The experience was, for her, a time to stop and reflect. She said people can have work, a house, and cars but disasters like the flood bring the realisation that these are not as important as spirituality and ultimately, people need each other. Williams said, “We pray so I am not fussing too much. I will survive. Things are not the same but I will get back and go again”.
Quintin Gray of Mafeking Village was working offshore when he heard about the flooding. He wanted to get home despite reports of flooding in Piarco and grounding of helicopter flights.
“I was on the job but my mind not there because my family here and water in the house”, Gray related to Archbishop Jason Gordon who was touring flooded areas on Tuesday. Concerned about family and water in the house, he began to pray, “‘Father God I say I have to reach home’. Next day they say it have one flight”.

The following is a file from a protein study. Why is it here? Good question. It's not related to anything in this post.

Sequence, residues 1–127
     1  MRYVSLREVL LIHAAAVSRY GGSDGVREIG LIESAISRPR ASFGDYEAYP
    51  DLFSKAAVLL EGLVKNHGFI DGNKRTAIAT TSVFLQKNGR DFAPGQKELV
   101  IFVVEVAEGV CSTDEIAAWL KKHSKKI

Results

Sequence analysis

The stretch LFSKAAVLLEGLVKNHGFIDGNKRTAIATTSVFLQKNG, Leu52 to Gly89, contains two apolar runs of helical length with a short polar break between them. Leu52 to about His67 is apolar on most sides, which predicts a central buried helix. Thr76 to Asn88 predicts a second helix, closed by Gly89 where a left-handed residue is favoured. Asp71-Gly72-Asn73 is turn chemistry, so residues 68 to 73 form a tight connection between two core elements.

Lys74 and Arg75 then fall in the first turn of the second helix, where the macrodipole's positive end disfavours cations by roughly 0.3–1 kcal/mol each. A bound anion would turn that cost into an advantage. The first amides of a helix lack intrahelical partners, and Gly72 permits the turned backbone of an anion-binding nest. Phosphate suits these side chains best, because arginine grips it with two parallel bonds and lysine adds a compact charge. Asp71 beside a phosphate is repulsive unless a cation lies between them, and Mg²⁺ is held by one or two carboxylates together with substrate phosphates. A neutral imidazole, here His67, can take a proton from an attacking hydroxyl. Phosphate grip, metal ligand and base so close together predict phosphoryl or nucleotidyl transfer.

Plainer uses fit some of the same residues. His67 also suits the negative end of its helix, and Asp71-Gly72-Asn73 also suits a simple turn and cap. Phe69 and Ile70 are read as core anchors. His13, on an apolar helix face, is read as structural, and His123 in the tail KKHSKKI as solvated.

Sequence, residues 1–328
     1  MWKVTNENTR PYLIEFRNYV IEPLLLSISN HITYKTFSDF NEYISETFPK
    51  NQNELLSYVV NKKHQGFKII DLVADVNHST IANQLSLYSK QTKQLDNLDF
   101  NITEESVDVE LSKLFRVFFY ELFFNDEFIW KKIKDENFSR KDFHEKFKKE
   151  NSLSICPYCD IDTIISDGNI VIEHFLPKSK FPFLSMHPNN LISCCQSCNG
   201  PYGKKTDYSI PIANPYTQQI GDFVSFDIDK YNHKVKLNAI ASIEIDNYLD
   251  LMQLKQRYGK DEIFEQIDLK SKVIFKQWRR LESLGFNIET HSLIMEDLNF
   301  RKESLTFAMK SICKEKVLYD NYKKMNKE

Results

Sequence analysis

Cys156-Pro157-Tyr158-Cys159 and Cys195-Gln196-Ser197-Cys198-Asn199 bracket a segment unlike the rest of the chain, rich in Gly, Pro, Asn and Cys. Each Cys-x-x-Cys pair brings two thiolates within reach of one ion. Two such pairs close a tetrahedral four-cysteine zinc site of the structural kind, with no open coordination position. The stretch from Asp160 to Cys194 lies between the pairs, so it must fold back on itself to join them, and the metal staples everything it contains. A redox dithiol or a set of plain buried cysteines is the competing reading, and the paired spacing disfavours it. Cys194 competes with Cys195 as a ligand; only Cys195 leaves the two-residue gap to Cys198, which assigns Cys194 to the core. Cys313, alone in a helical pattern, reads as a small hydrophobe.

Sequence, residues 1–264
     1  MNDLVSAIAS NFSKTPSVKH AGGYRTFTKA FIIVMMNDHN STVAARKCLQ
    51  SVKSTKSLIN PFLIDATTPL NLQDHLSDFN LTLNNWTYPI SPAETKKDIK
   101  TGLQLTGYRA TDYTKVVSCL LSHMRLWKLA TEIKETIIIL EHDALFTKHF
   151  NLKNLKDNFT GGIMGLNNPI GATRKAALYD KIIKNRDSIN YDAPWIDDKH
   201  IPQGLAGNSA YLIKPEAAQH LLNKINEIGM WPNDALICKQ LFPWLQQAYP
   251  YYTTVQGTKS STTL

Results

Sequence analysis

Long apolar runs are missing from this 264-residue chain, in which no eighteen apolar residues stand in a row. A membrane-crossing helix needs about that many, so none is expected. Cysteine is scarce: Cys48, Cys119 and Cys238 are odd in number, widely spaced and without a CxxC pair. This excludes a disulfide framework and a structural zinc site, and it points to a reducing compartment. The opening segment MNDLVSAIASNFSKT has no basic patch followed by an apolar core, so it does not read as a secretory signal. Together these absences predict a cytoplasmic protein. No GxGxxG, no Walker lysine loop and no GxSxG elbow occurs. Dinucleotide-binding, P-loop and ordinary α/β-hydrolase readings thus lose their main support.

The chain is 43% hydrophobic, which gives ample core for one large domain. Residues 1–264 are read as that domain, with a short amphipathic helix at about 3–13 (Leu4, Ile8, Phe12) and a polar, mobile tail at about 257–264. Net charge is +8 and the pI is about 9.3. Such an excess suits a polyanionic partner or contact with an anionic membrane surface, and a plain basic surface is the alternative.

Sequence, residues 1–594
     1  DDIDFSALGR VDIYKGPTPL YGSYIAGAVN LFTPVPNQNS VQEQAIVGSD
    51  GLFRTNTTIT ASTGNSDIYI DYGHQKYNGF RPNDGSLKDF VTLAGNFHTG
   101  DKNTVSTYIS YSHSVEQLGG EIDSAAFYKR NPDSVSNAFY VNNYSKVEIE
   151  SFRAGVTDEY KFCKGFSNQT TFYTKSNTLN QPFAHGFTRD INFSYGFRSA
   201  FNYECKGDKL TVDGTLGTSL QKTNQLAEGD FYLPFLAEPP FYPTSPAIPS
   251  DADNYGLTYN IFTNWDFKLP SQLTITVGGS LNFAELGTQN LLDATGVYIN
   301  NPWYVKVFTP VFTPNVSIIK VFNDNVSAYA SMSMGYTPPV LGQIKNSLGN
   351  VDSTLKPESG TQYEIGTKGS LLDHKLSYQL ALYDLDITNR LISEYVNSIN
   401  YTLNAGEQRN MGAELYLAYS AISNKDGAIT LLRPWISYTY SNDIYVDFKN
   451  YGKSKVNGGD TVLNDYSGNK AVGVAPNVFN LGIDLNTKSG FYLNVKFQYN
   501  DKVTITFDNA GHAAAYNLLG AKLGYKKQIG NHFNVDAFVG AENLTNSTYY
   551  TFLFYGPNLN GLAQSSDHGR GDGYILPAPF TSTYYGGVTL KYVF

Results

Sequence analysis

His colleagues wanted to know how he was getting home with the flood but he was confident he would find a way.
Upon arrival, he telephoned his sister in Arima telling her he had to reach Manzanilla as far as the resort, where he was sure to get a ride. She is a member of Lions and was preparing a meal for flood victims. Gray then called his son’s godfather for help. He was transported as far as the car could reach in Manzanilla.
He stopped a passing vehicle and asked for help from a female driver who was going to a ‘lime’. Gray recounted, “I say ‘where you living? You ain’t hear about flood and thing in Mayaro?’. She said, ‘I don’t know but we going’.”